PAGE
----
Advertisement
 

Backs to the Pond

STANLEY CUP FINALS GAME 5 AT NEW JERSEY

Ducks facing a must-win situation after another convincing defeat in New Jersey

June 06, 2003|Chris Foster | Times Staff Writer

EAST RUTHERFORD, N.J. — Mighty Duck center Steve Rucchin, eyes weary from a wasted opportunity, went through some of the reasons as if he were tiptoeing through rubble.

He then drew a deep breath and summed things up with the obvious truth, clear to the New Jersey Devils, the 19,040 at Continental Airlines Arena and anyone watching Thursday from their sofas at home.

For The Record
Los Angeles Times Saturday June 07, 2003 Home Edition Main News Part A Page 2 National Desk 0 inches; 31 words Type of Material: Correction
Hockey -- A caption in Sports on Friday under a photo of Coach Mike Babcock addressing a Mighty Duck player misidentified the player as Petr Sykora. The player was Dan Bylsma.

"They obviously worked harder than us," Rucchin said. "They out-willed us."

The Ducks have until Saturday to fortify their own will or start drawing up one.

The Devils' 6-3 victory inched them nearer to hoisting the Stanley Cup, giving them a 3-2 lead in the finals, and nudging the Ducks closer to finalizing summer vacation plans.

The Devils wing their way west for Game 6 Saturday with a chance to collect the Cup at the Arrowhead Pond. The Ducks slink home with a lesson tattooed on their minds.

This would be easy to attribute to bad bounces, odd deflections and freak goals. The Ducks knew better.

"They just came at us wave after wave," Duck defenseman Kurt Sauer said. "We didn't do that. They took over the game.

"The game is like a blur to me. They were winning the battles, getting the puck, getting the bounces. It was tough."

The Devils were all that, and more.

Jamie Langenbrunner, a self-described checker, bagged two goals.

Jay Pandolfo scored what was the game-winner when the puck ricocheted off his skate and into the net nine minutes into the second period. The Devils took the 4-3 edge into the third period and they have won their last 28 playoff games when leading after two periods.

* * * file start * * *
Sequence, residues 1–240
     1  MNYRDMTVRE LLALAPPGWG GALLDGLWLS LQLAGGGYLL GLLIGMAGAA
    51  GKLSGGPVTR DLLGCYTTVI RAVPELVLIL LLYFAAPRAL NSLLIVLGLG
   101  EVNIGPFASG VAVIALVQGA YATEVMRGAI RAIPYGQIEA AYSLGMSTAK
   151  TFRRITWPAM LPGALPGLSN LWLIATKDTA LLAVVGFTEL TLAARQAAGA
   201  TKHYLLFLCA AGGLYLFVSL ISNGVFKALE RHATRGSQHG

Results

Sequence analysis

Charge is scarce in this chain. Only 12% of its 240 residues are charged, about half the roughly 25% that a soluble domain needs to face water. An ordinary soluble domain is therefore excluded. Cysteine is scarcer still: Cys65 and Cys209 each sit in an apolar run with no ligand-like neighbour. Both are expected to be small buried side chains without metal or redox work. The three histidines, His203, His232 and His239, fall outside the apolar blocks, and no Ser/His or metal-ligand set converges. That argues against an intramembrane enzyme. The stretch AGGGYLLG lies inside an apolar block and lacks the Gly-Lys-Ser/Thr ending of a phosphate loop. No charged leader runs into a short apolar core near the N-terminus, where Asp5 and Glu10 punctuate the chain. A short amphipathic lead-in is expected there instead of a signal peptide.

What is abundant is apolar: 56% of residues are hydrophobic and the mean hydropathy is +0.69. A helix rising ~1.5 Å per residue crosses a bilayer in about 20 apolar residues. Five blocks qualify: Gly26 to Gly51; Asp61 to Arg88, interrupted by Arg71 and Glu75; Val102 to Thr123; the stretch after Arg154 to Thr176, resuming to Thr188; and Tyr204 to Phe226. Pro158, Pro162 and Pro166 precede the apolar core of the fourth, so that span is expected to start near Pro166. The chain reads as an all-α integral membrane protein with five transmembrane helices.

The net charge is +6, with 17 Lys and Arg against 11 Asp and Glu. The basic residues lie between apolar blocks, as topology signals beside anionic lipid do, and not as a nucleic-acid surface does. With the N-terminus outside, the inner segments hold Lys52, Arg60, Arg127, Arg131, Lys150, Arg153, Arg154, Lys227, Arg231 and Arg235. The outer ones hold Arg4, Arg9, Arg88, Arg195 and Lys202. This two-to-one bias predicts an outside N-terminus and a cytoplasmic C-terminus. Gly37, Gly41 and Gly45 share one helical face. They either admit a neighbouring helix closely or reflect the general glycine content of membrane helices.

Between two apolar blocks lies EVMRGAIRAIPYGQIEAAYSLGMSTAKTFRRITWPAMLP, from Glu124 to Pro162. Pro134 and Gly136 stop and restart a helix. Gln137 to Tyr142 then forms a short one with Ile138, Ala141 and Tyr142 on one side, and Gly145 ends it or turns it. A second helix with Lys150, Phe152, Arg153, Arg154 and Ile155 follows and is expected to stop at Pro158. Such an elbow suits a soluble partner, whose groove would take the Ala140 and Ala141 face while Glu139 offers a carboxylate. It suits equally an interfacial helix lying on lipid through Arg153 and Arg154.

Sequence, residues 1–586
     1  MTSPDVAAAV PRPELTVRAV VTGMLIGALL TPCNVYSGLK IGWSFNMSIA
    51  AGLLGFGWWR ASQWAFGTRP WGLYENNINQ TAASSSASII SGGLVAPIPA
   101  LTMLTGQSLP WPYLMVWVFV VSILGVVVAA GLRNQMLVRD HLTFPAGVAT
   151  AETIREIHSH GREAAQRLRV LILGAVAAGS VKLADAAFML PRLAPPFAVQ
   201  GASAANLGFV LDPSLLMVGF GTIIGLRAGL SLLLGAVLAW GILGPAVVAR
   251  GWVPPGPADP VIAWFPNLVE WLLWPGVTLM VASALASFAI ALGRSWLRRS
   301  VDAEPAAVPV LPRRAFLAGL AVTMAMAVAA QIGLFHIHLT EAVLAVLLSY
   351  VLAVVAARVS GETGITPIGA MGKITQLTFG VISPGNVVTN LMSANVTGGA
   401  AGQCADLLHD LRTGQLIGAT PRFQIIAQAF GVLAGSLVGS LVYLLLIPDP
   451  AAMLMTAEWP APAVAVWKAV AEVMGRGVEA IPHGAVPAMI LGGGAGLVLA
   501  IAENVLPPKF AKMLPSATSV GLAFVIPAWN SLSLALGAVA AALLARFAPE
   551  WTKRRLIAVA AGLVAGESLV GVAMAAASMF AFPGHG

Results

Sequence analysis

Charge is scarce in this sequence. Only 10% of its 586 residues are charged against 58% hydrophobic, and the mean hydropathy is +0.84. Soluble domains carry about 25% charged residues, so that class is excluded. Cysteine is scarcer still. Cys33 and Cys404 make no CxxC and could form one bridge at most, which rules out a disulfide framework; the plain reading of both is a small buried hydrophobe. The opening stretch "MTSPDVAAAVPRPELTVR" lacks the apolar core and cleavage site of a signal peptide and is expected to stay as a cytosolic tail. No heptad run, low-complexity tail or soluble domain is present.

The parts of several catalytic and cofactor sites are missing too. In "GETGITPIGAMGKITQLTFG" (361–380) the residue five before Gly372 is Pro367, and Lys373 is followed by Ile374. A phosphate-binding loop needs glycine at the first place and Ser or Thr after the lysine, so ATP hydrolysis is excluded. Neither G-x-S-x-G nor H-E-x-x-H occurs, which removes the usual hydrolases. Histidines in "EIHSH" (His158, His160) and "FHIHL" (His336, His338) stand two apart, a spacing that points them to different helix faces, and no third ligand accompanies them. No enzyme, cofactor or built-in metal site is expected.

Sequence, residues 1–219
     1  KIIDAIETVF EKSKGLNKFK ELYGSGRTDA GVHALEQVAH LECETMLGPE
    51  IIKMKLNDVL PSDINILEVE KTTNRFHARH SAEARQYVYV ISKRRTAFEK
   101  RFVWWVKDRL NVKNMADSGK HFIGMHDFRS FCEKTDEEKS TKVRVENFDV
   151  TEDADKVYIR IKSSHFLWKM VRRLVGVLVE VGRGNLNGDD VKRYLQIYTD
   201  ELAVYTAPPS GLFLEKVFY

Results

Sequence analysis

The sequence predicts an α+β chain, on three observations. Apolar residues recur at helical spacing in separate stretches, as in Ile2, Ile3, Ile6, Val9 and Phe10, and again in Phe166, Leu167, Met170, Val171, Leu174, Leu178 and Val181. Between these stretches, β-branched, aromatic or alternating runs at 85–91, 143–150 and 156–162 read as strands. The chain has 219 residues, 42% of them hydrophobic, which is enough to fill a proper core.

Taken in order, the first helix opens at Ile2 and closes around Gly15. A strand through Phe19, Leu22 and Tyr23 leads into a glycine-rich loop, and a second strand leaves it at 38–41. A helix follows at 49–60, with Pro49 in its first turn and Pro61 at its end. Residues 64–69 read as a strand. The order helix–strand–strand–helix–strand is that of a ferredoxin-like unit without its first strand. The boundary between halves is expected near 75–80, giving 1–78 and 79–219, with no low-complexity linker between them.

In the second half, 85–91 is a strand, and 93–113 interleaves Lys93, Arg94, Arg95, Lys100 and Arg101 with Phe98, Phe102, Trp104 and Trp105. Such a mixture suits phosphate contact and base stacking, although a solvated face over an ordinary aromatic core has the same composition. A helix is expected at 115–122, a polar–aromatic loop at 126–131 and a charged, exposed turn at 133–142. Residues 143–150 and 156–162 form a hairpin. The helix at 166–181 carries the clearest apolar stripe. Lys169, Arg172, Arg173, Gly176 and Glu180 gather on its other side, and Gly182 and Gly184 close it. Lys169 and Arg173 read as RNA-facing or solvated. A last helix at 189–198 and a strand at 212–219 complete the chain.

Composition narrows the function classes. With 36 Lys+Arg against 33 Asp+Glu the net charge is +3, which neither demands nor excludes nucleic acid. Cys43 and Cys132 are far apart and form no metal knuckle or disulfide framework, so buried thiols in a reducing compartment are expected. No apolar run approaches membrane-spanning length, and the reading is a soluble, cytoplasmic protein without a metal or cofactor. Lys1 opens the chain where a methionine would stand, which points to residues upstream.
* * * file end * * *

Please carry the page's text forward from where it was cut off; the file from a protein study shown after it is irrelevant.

Brian Gionta scored when he flung the puck from just behind the net in the corner and had it hit the sticks of two Duck players before entering the net.

"When you work hard and get to the net you get the bounces," Sauer said.

The Ducks kept pace for a time, but the Devils took every opportunity to get their out-of-our-way message across, including goalie Martin Brodeur trading cross-checks with the Ducks' Rob Niedermayer in front of the net -- while play was still going on.

This was Stanley Cup 101.

The Ducks scored the first goal, when Petr Sykora fired an innocent-looking wrist shot that found a hole 42 seconds into the game. The Ducks were 10-0 in the playoffs when scoring first. The Devils still won.

Brodeur, considered as good a goalie ever to play, was dreadful, giving up three goals within the first 27 minutes. The Devils still won.

The Devils gave up three goals after surrendering only 10 in their previous 11 home playoff games. They still won.

But then Langenbrunner, the Devils' top goal-scorer in the playoffs, had two goals. Paul Kariya, the Ducks' top goal-scorer, didn't even get a shot on net.

"For us, it was just sticking with it," Langenbrunner said.

The Devils are left needing one more victory. Of course, they have been there, lost that before. They took a 3-2 series lead against Colorado in the 2001 final, then lost Game 6 at home and the series two days later.

"I think we all learned from that," Devil center Scott Gomez said. "And we know we have to prove ourselves. We also know it gets harder. It's going to be a battle, but we don't like to prolong anything."

The Ducks, on the other hand, were in a let's-go-back-to-Jersey mood.

"We have to play this next game like it is our last," Sauer said. "We have to live in the present. This [game] is in the past."

The past wasn't very appealing to the eye.

The Ducks had a 6-0 edge in shots and a 1-0 lead before two minutes had been played.

The Devils then scored two goals by hanging around the net. Pascal Rheaume redirected a pass at the left post 3:35 into the game, tying the score, 1-1. Patrik Elias circled from behind the net, where he was in perfect position to chip the puck in for a power-play goal and a 2-1 lead four minutes later.

"We let them get to the net and get easy goals," Rucchin said. "I'm not saying they weren't creating them, but J.S. [goalie Jean-Sebastien Giguere] can't stop shots that come from behind him."

Goals then began dropping from the sky.

Gionta fired a shot from the corner that went off Duck defenseman Sandis Ozolinsh's stick, flipped into the air, where the Ducks' Mike Leclerc tipped it into the net for a 3-2 lead three minutes into the second period.

With the score 3-3, Gionta fired on net and Giguere made the save. But the rebound went straight out. Pandolfo, tied up by Sauer, had the puck go off his skate and back on net, and past Giguere. Referee Bill McCreary initially waved it off, but the call was overturned upon video review.

"We've got to get down and do that kind of nitty-gritty work," Rucchin said. "I expect us to next game. We have to keep our heads up. I'm confident we will play better and be coming back [to New Jersey] for Game 7."

That's the will. Now the Ducks need to find the way.

Advertisement
Los Angeles Times Articles
|
|
|